trees

Sun and thorns

Sun and thorns, © 2013 Celia Her City

Another, truer photograph of the Art Institute’s South Garden.

I’ve learned more about the garden since posting a photo of it the other day.  It was designed in the 1960s by modernist landscape architect Dan Kiley and is considered to be one of the better surviving examples of his work.  Kiley died in 2004.  You can read more about his life and work here.

Prairie metaphysics

For the first time, we noticed the mighty tree (Chickaming Prairie, MI), © 2013 Celia Her City

On the Chickaming prairie, there is a mighty tree dwarfing all others.  On our many visits, we had never noticed it before.  Then, this day, we noticed a bulge on the horizon: the crown of an unusually tall and spreading oak.

The grandest oak in these parts (Chickaming Prairie, MI). © 2013 Celia Her City.

Its grandeur was difficult to apprehend.  The closer we got, the more humbling it was.  With every step, it grew taller.  By its yardstick, we were children.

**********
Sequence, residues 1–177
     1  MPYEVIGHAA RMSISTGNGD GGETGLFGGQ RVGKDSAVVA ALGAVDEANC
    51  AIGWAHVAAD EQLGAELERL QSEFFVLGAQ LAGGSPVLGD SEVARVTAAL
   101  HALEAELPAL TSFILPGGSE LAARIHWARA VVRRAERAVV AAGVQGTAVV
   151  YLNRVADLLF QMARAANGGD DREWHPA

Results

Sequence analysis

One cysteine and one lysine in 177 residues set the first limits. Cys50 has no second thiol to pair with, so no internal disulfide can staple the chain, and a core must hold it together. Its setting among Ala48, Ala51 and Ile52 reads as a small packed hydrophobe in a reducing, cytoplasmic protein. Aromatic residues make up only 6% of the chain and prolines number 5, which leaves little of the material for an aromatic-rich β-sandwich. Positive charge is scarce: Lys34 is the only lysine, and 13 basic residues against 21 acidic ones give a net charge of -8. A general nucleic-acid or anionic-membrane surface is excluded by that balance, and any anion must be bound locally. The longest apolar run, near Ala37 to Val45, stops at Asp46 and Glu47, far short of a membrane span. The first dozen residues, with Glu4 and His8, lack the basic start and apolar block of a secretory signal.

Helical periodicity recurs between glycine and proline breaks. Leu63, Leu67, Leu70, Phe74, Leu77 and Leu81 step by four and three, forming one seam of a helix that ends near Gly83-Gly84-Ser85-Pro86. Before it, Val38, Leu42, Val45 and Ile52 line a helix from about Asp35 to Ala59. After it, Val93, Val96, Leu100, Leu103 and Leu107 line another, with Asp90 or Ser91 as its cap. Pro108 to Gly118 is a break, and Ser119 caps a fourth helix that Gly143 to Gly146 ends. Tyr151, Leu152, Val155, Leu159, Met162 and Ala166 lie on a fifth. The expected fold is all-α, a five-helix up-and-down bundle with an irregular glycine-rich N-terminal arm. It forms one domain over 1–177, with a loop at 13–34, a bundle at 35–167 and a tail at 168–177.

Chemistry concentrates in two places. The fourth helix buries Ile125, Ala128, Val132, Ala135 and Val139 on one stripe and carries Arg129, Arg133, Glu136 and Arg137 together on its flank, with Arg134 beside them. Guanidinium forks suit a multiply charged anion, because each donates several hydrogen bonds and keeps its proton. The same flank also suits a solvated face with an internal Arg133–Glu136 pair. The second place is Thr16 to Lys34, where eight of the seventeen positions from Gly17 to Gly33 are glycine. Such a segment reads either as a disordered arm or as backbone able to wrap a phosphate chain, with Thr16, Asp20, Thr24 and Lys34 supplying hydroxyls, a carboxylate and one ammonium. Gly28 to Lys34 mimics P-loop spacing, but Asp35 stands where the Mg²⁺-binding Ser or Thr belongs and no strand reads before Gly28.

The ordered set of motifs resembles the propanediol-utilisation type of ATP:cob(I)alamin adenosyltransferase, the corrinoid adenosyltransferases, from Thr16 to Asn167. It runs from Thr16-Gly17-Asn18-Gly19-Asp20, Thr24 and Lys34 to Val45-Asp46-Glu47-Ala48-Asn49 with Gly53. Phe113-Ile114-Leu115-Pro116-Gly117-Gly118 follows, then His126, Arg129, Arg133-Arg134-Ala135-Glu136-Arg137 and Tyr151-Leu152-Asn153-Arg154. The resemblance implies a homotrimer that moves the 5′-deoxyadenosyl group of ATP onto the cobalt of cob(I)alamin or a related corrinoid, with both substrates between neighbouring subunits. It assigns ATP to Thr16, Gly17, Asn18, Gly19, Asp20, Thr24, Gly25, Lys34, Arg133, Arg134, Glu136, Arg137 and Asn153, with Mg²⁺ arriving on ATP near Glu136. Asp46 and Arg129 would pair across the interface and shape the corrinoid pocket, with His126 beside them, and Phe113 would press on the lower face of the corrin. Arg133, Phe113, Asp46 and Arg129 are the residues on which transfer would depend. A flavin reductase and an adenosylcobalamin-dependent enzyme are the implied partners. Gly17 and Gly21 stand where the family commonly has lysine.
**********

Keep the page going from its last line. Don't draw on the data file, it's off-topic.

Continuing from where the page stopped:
The mighty branches of the Chickaming Oak, © 2013 Celia Her City

To look up into its branches was dazzling. Each limb was itself as large as a tree, radiating with power and life’s energy.  All we could do was wonder and admire.  We didn’t think to theorize or measure.  The tree had its own metaphysics, with itself at the center.

Nature and civilization

Michigan Avenue from the North Garden of the Art Institute, Chicago © 2013 Celia Her City

Why, you may wonder, is Celia angry about the city’s decision to fell a few old trees?  Here, in the north garden of the Art Institute, we may find an answer.

For, on one side of the garden—just steps from Michigan Avenue—, are two improbably aged, enormous, gnarly, overreaching trees.  They are not decorous, they are not over-managed; they are awesome, merely.

In a town incessantly straining against its nature to be great, these trees are possibly the most cultured things around, because they are dignified, and because their stewards have accorded them the respect and even reverence necessary for them to survive.  Though the garden they’re situated in has been remade several times, they have been left alone to achieve the majesty and character that is the work of time.

Next time you are at the museum, be sure to take a moment out for these glorious trees.

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